He could stand it no longer. He dressed and went out. His wife was sitting, knitting another of the interminable sweaters which she sent Mart, who was at college.
"Uh," said Grayson.
She did not look up, which was par. She had ignored him most of their married life and she was obviously not about to change.
"I’m going for a walk," said Grayson. "perhaps you’d like to come ?"
That was his final hope of defeat­ing the urge that moved him to what was obviously a forbidden adventure.
Something must have penetrated; she looked up, showed surprise. "Where are you going?"
"For a walk," he said.
"Oh!" Then: "No, thank you."
It seemed to satisfy her, for she settled back to the sweater. The last picture he had of her was of her sit­ting in the chair rocking back and forth.
Outside, the air was fresh, and he walked along with gathering confi­dence. A bus pulled up at the corner, and because he knew where he wanted to go, he climbed aboard without really considering the fu­ture.
He phoned Miss Haskett from a drugstore. "I happened to be in the neighborhood." he said, "and wondered if you’d care for coffee."
She sounded breathless. "Why, yes, Mr. Grayson. I —" She broke off. "Why don’t you come up to my place?" She said, suddenly. "I’ll have Joanne put the coffee on. No, I’ll put it on."
When he got there he had no problem. Large trees, dim lights. An ideal place. From where Grayson stood on the porch, he could not see the entrances of the adjoining apartments.
A single buzz was answered in­stantly. A vision in white stood in the doorway.
"It’s nice of you to drop by, Mr. Grayson," she said.
Grayson blinked. It seemed to him she had made a quick change since his call. Or else he had mis­judged this whole situation. "Were you on the way out ?" he asked.
"Oh, no, I always dress up for myself at night," said Miss Has­kett.
She held the door wider. Grayson walked in.
They drank coffee. Silence fell. She sat, empty cup in hand, on the couch. The long skirt of her dress was drawn up primly against the leg nearest him. Grayson placed his own cup and saucer on the coffee table, and took a deep breath. It was either time to go or time to do.
His heart pounded, his eyes blur­red behind the mended glasses. He found himself reluctantly agreeing: men really were the villains. He was clearly in a state of raging de­sire.
Abruptly that shamed him. Un­steadily, he came to his feet. "Uh," he said, "uh, Miss Haskett, I- want to thank you for this delightful —"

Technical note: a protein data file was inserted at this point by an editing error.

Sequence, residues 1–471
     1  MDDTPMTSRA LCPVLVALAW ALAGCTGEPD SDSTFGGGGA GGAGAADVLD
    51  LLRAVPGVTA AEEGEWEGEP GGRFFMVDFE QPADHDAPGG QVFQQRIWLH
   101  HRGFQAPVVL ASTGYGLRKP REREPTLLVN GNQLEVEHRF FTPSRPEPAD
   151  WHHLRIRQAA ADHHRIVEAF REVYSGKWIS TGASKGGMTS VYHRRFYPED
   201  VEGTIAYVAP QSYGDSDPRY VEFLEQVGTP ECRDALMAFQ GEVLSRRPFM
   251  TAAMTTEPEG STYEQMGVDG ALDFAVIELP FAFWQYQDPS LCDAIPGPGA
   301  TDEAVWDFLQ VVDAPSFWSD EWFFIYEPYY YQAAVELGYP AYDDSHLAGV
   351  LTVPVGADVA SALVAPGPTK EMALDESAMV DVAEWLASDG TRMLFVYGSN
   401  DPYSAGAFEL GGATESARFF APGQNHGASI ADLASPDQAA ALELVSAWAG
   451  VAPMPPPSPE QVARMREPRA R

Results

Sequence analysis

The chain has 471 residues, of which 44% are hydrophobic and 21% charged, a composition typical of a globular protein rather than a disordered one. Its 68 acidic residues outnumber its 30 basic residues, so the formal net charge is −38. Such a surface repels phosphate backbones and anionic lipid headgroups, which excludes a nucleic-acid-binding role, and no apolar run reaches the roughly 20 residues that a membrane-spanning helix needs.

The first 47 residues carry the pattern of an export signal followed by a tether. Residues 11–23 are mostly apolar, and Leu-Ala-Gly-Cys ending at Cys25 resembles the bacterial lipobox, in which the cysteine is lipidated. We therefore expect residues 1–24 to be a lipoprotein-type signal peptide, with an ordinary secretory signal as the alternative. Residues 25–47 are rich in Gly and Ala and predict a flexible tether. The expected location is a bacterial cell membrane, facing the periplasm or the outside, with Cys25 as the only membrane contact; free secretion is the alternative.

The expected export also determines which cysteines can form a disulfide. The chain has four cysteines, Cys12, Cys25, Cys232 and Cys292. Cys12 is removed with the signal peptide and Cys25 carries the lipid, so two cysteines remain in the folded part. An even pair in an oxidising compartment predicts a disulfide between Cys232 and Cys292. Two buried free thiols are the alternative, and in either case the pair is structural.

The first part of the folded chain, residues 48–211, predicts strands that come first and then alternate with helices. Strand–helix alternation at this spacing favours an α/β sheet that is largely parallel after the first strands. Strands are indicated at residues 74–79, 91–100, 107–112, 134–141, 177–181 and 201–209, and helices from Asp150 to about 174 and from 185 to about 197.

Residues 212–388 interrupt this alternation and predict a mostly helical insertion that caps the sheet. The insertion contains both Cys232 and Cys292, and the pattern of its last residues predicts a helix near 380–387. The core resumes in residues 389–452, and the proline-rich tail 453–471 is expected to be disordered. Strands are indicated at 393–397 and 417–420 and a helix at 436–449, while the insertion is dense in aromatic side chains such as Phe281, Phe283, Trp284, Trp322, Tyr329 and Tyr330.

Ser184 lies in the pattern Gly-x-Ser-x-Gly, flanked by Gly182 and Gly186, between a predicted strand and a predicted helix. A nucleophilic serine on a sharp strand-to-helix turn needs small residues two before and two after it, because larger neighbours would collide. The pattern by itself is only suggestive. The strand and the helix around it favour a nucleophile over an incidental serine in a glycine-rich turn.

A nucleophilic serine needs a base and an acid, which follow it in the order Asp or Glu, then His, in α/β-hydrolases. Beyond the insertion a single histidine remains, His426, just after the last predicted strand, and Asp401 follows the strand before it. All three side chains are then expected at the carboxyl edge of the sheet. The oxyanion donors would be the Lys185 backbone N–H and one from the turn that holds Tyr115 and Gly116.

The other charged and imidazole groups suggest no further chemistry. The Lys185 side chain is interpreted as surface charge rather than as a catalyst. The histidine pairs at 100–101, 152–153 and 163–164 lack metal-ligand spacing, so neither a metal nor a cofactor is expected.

At that point, she set her cup down so quickly it hit the table and fell forcefully on its side in the saucer.
The sound was startlingly loud in what had been intense silence. Both the man and the woman involuntar­ily leaned forward to straighten the cup. His head brushed lightly against her hair. It was not real physical contact, but in his whole adult life, Grayson had only touched one other woman. And she had made that such misery — and so rare, that he no longer wanted to touch her.
It was several decades since he had been close to a desirable wom­an. His hand reached for hers, al­most knocked the cup over again — but got hold of her fingers. Then he tugged her along from be­hind the coffee table.
It was a long coffee table and by the time he had her, his consciousness — conscience — surfaced. He let go.
"Very delightful," he muttered gloomily, stepping back, "but I imagine I’d better —"
Miss Haskett caught his sleeve. "You must see the rest of my home."
Grayson stiffened inside, he was a supremely analytical person and he saw this as a gesture of goodwill on her part. They toured the fluffy, very feminine make-up room. She explained things about it that Grayson did not hear because he was bracing himself. She took him into a huge bathroom. Special fea­tures required Miss Haskett to con­tinue chattering. He did not hear what those special features were. Something about an unusual method of maintaining the bath water exactly at blood heat. . . got through to him.
And that one he promptly forgot as they came to a closed door. Grayson never remembered af­terwards who opened that door. Did he leap forward or was he frozen in his single-track thought — feeling ­intent ?
Whichever — the door was opened. The bedroom, large and expensive. Fluffy feminine atmo­sphere. A queen-size bed he couldn’t help noticing.
Then they were standing beside it. Her voice, which had been virtu­ally unceasing — ceased.
"Where’s the light switch?" Grayson asked into the sudden si­lence.
"Over there." She pointed.
"Do you mind?" asked Grayson.
"Over there," she said, voice coming up in pitch, a stricken sound in it.